IT IS THE BEST OF TIMES; IT IS THE WORST OF TIMES (Borrowing from Charles Dickens’ Novel – A Tale of Two Cities) Challenging assumptions, protocols, traditions, expectations, eliciting wide range of responses and actions.
Who would have thought millions of children and their parents and grandparents would be Zooming online from grade school through college world-wide, conferencing, working from home, online book clubs, classes. My younger daughter Tasha and her husband Dan who live in Morocco teach their classes now by Zoom from their home while their son, Zane in 9th grade shares the home space to take his classes by Zoom online while the country is on lockdown. Absolutely amazing how teachers and students at all levels are rising to the occasion.
Impact on food services at all levels is mind boggling. From farm workers to Fine Dining restaurants—school lunches and food banks—fast food places—the family diner—hotels, cruise ships, hospitals, nursing homes, grocery stores, delivery services, Uber. I track Uber and have since I was an Uber driver in 2016-2017. We used to drive some for Lyft as well for extra income and some started adding Uber Eats—not many did it…then. As of last 2 or 3 months thats about the main source of income for Uber drivers—at least around here. Meal delivery. For the restaurants locally Fine Dining Canlis’s co-owner Mark Canlis and his crew read the tea leaves well had the dining room closed and began the restaurant shutdown that was mandated on March 16, 2020 with a breakfast bagel shed, a burger drive through for lunch and a family meal dinner delivery service. So, if you live in Seattle you could order in for DTO—you can recreate a fine dining experience…How appropriate for Dining Together OnlineTM I have had the good fortune to dine at Canlis a few times over the years. Coincidentally one of my DTO partners who now lives in Scottsdale, AZ –She and her husband and I celebrated their final days in Seattle at Canlis about 4 years ago –I had known them for 35 years in Seattle…they were going to retire in AZ. The meal was marvelous and memorable-wow—deserving of its high-quality reputation and established name in the city. I remember seeing a picture in the paper of the billboard above Canlis pointing down with a big “Drive Thru” designation. It was so out of character I did a double take. “Fine dining is not what Seattle needs right now. Instead, this is one idea for safely creating jobs for our employees while serving as much of the city as we can.” What an interesting case study (the academic in me is always close😊) Will have to call her when I get this finished. Our DTOing got interrupted with health issues compounded with grief of her husband dying and genetic memory issues with accompanying hearing challenges. Argh. It will be nice to have a sharing session with a Canlis update.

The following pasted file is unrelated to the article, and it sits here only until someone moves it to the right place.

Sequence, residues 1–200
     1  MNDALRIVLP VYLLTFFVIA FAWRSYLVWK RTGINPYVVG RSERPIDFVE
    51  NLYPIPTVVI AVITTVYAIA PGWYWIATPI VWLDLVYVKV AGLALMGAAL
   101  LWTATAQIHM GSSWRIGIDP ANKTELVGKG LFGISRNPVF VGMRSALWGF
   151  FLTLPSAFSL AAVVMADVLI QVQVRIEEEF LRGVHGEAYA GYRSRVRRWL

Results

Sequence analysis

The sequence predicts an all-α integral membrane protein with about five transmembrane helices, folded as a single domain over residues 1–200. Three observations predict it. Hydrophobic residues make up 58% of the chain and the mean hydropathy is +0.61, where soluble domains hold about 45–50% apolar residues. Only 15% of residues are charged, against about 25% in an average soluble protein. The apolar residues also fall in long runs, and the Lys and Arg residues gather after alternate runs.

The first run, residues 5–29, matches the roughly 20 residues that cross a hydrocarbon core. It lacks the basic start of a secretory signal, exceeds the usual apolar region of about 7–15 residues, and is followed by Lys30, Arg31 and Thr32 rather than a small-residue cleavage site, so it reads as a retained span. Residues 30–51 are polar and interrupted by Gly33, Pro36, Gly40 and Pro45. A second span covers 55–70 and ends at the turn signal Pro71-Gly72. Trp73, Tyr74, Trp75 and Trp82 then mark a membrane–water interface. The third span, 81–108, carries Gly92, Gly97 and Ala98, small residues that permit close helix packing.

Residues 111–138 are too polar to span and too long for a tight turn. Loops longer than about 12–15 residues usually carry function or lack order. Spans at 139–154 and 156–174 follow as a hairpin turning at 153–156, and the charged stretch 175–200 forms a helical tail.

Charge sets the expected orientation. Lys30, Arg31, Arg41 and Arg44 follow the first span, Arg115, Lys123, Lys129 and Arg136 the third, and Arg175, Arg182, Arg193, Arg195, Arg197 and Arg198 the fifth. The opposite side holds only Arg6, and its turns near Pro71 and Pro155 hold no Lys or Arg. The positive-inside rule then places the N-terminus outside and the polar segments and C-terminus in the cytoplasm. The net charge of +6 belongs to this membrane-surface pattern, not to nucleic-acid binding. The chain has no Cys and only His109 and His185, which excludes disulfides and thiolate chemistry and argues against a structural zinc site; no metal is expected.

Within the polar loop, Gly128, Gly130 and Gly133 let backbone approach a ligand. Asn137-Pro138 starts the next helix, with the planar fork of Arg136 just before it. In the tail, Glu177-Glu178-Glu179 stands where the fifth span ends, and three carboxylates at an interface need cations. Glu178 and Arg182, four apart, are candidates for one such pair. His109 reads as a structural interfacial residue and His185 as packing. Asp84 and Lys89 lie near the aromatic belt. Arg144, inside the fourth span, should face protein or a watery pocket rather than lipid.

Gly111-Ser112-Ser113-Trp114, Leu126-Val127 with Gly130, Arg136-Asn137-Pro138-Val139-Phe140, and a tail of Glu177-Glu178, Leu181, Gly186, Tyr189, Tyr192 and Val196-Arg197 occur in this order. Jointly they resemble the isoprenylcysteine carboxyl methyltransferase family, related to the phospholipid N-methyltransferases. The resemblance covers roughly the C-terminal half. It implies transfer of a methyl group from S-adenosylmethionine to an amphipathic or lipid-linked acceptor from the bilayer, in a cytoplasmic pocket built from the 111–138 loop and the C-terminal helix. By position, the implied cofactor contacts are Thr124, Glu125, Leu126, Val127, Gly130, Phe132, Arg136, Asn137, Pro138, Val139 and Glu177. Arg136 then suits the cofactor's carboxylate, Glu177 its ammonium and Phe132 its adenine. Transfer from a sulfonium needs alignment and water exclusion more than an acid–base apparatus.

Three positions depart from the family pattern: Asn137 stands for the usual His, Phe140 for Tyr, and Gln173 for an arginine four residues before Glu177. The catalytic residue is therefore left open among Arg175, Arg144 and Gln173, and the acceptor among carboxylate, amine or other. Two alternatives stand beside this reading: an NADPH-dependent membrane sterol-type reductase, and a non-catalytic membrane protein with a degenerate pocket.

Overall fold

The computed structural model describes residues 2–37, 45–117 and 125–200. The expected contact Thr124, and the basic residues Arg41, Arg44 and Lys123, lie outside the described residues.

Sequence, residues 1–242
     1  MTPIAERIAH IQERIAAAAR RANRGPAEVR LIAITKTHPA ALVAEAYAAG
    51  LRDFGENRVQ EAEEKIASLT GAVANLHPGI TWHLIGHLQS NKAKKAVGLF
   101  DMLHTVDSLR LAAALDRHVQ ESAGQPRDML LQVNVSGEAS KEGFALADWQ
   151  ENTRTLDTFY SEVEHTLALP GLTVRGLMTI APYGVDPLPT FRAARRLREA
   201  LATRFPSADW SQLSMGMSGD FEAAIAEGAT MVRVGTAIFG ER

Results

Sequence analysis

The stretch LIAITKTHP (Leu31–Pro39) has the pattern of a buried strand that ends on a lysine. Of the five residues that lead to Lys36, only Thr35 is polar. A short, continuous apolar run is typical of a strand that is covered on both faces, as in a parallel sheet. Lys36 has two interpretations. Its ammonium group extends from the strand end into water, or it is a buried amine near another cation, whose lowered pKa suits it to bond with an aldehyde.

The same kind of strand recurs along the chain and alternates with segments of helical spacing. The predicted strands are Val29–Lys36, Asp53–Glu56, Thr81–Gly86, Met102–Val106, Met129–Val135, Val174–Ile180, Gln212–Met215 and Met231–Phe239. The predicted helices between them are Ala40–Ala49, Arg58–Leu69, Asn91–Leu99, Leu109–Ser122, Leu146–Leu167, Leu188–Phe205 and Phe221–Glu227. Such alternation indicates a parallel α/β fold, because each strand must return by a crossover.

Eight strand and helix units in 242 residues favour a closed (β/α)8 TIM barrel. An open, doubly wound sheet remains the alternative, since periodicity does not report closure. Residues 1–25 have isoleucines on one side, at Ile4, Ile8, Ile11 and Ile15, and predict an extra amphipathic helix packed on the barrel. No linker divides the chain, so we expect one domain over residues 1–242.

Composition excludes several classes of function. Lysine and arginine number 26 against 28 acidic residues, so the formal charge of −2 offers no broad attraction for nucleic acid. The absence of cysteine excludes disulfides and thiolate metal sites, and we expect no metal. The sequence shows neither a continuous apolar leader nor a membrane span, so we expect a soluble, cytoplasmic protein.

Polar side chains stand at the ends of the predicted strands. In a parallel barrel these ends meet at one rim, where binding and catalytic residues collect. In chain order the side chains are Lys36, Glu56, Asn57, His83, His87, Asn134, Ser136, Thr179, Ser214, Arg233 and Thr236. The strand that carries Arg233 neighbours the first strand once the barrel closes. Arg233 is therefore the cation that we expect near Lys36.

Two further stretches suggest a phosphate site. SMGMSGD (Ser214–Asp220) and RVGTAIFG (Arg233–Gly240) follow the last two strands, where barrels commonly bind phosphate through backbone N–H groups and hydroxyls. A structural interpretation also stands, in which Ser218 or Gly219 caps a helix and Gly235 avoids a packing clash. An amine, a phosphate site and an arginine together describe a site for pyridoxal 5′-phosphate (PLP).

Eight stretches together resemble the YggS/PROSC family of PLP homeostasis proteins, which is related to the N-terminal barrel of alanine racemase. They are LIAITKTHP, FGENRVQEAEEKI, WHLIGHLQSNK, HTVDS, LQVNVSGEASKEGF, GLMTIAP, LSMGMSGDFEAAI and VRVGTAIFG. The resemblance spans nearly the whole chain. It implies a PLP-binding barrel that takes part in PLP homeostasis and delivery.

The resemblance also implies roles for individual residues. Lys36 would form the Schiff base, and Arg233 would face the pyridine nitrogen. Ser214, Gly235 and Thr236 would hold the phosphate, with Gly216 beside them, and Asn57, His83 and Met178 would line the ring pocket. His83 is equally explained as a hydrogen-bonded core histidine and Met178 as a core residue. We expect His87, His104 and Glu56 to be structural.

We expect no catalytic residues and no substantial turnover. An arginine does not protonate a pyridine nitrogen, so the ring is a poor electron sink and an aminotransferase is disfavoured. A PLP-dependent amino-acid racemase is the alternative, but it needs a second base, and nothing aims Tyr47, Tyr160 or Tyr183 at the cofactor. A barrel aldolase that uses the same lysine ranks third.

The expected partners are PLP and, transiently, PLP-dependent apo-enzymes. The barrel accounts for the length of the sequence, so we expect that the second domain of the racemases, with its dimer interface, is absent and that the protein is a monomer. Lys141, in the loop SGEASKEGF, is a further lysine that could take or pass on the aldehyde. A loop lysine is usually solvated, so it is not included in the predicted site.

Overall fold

About a week ago as I had purchased my first Ho Ho’s in years and was munching away—caught an article in paper about Pepsico’s positioning now that it owned Hostess and how fortuitous for Pepsi that it got into snack food and Coke didn’t to same degree. There is a big increase in snack food sales with Covid-19. I decided to do a tiny tiny bit of trading to just get a couple shares of Pepsico.